Sunday, February 28, 2010

Marinated and fried tempeh, Indonesian style

How could I be vegan for more than ten years and never have tried tempeh? I always meant to, but something about it always turned me off. Now I've had a packet in my fridge for longer than I'm readily willing to admit, and its best before date was fast approaching, so last night I took the tempeh challenge.

I made Deborah Madison's Marinated and fried tempeh, Indonesian style, from her Vegetarian Cooking for Everyone. The recipe is here, uncredited, so I'll give DM her credit back and reproduce it for you:

Marinated and fried tempeh, Indonesian style
from Vegetarian Cooking for Everyone
serves 2 to 4

1 8- or 10-ounce package tempeh
1 1/2 tsp tamarind paste
1/2 onion, thinly sliced
3 slices ginger
1 tsp ground coriander
1 bay leaf
1/8 tsp red pepper flakes
1 tsp brown sugar
2 pieces galangal, optional
3/4 cup peanut oil

Cut the tempeh into slices about 1/2 inch thick or a little less. Combine 1 1/2 cups water with the remaining ingredients except the oil and bring to a boil. Add the tempeh, then lower the heat and simmer, covered, for 30 minutes or until all the liquid is absorbed. Heat the oil in a medium skillet. When hot enough to sizzle a bread crumb, add the tempeh and fry in batches over high heat until golden and crisp, about 3 to 5 minutes. Drain briefly on paper towels, then serve with sea salt, a chutney, or a peanut sauce.

Served with the Morning glory with peanut sauce from Chat Mingkwan's Buddha's Table, though with broccoli rabe in place of the morning glory. The peanut sauce recipe is similar to this one, and was very good.

So how was that tempeh? Well, what I was expecting was something punky like blue cheese, and tempeh, even twice cooked with many spices, was surprisingly bland. I wanted to be all, "I do, I like them, Sam-I-am!" about it, but really I was just kind of meh. I am probably going to regret saying that. The texture was nice, not soft like tofu but firm and a bit crumbly, though not crumbly enough to lose its shape when simmered for half an hour in a watery sauce. I'd like to try making some on my own like the industrious Renae does over at i eat food, and I'm thinking that that would be the only thing that would turn me into a total convert. But you never know. Maybe another thing would be if I didn't have to travel so far to buy it at overpriced so-called "natural food" stores, for which I am developing an aversion bordering on mania…but that is a rant for another post.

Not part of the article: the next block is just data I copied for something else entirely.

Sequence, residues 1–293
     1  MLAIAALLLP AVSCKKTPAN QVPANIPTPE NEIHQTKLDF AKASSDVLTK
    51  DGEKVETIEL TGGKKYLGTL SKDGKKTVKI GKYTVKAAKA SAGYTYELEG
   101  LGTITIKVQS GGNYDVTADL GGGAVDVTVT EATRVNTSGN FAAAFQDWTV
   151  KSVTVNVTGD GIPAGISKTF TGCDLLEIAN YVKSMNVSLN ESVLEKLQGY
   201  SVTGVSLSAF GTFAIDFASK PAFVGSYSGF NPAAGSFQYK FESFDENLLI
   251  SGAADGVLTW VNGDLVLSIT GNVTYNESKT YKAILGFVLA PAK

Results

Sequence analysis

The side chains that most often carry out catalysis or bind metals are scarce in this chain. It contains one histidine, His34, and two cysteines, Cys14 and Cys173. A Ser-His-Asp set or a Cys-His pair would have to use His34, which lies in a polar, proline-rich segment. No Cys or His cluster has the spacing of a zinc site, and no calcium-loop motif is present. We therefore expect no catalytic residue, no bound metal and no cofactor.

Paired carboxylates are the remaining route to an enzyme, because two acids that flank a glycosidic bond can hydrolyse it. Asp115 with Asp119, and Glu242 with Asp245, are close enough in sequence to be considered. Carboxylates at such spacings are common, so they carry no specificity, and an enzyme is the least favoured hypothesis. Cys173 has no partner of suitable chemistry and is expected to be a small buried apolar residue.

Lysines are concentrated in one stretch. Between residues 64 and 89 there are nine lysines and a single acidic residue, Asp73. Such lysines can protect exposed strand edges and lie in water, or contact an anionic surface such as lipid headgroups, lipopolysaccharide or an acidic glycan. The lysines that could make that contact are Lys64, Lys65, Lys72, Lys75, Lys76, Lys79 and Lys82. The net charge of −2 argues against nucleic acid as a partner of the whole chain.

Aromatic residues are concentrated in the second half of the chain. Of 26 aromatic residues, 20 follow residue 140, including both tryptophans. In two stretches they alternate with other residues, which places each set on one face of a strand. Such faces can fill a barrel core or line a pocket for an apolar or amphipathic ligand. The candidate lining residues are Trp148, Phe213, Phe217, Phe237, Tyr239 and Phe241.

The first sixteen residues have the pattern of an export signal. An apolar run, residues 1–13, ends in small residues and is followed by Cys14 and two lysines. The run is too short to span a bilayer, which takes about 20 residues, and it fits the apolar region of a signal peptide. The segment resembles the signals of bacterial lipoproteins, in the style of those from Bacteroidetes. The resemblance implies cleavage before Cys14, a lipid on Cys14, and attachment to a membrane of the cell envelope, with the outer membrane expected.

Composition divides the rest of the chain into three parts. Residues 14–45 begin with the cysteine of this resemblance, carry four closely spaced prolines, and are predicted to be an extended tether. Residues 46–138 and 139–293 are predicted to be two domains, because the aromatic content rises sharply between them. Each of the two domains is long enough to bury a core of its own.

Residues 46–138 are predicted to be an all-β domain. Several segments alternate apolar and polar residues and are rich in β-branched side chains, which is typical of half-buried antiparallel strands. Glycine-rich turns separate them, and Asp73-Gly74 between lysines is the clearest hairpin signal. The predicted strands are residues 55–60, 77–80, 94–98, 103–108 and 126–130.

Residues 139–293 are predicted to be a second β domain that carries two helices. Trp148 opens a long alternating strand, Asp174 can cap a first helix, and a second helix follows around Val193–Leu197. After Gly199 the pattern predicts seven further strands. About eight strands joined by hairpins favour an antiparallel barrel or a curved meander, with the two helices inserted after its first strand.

6 comments:

  1. The tempeh in your photo certainly LOOKS great, even if the taste was so-so. I'm most likely to cut up my tempeh like you did, sprinkle it with a little tamari and sizzle it in a small amount of oil in my wok until it is browned. Yum.

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  2. I'm with you on tempeh in general...I've tried it a few different ways and every time I thought: "I would have preferred tofu or seitan with this."

    Your dinner looks good though.

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  3. Thanks for your comments, Andrea and Rose! Andrea, next time I will try the tempeh your way, as being simpler and probably just as flavourful as what I did. But yes, in my opinion tofu would have been better in this dish. Oh well, as my Grandma Lulu would say. Live and learn!

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  4. Tempeh is v. different texture-wise than tofu & seitan, which sometimes works. It's amazing in a fake chicken salad (cooked basically how Andrea says until it's crunchy on the outside) with celery, pickles, and soy mayo.
    Your chow does look awesome.

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  5. Tempeh is a tricky one. On its own, it is a little bland; the problem is that it doesn't take flavor that well. I tend to like it best in recipes when it's diced into crumbles--like biscuits & gravy, tacos, or soyrizo. In small bits it tends to take flavor better.

    That being said, adding a little Liquid Smoke and Tamari can be pretty effective (though the strong smoky flavor kinda limits what you can pair it with).

    It does look really good in your picture though...

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  6. I love tempeh. It's perfect marinated in soy sauce, ginger, garlic, sugar, and a squirt of Sriracha sauce, and then pan fried in a bit of oil. I'm trying this recipe with less water, more sugar, more salt, longer marination, and less boiling.

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